for Sunday, September 23, 2007
We are all familiar with the dramatic crimes involving robberies and shootouts on our streets by "gangsters" and "thugs". But far more money is disappearing immorally and illegally - in plush air-conditioned offices by oh-so-respectable "smoothies" wearing expensive suits and driving luxury cars. Such an abuse of money and property results in serious imbalances in societies everywhere.
The world is divided now into rich and poor: between a First and a Third World. So many are driven to get rich. ”What's wrong with being rich?” people ask. Catholics can be, and sometimes are, very rich. But, by definition, no one can really become rich without others being made or kept poor. To be defined as rich in our society means having more, much more, than the average person. We cannot say we love God, if we do not love our brothers. Such a person cannot be in the Kingdom. In so far as economic matters affect moral issues such as: justice, the dignity, basic human rights - then they certainly concern the Christian and the church community. To ignore it, actively or passively, is to deny love to others.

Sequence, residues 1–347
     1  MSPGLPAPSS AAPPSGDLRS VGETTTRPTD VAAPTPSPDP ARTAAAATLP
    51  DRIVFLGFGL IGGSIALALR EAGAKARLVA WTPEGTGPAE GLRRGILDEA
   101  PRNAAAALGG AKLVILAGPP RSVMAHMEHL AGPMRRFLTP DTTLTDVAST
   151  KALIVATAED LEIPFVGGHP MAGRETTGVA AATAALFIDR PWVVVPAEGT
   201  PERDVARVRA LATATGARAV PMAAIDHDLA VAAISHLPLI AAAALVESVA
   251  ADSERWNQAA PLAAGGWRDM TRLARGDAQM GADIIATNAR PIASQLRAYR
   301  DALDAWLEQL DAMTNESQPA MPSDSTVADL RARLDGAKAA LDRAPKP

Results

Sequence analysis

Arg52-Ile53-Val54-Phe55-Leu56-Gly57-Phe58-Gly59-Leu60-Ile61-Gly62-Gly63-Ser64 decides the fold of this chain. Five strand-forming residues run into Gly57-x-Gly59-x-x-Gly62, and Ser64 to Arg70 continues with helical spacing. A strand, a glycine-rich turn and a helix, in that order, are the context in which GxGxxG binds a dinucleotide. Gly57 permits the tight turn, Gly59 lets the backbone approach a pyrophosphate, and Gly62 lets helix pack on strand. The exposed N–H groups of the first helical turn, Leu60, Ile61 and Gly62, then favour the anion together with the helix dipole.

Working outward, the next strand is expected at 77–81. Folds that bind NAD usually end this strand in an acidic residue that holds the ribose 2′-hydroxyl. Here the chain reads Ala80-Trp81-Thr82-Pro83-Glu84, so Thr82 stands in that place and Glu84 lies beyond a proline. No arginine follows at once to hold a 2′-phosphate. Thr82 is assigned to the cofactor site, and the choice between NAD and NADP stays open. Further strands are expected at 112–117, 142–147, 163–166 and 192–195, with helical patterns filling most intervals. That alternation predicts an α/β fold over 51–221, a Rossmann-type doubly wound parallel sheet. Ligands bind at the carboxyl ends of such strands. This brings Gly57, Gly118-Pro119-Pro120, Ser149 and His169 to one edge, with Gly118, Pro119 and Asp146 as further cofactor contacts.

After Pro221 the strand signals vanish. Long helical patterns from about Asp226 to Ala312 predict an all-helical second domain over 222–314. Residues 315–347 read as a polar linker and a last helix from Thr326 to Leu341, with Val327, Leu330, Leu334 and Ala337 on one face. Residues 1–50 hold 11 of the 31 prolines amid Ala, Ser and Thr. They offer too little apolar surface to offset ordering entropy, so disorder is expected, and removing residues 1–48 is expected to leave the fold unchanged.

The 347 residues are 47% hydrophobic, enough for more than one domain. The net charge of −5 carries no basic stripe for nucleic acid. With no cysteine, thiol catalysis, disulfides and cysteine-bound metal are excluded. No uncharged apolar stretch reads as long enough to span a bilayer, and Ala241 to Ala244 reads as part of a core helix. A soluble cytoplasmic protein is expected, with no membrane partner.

People have always lived in poverty; can it then be accepted as "normal" that others live in comfort and luxury, especially when the source of their wealth comes from the exploitation of those who are living below the level of human dignity? No Christian can accept such a situation or, still less, be a contributor to such imbalances.
Unfortunately, many of us are, wittingly or unwittingly, contributors. We show it by our own frenetic participation in trying to climb to the top. It is not a question, of course, of advocating total equality. On many levels, people are quite unequal. But, on the level of dignity and rights, no one can claim superiority over another person.
Christians cannot tolerate any diminution of human dignity. Some have been given more than others clearly, but these gifts are to be used not to get more for oneself but to offer more for the building up of the Kingdom community. The more we have the greater our responsibility to share with those who don’t.
Readings of the day:
Reflections are available for the following Sundays: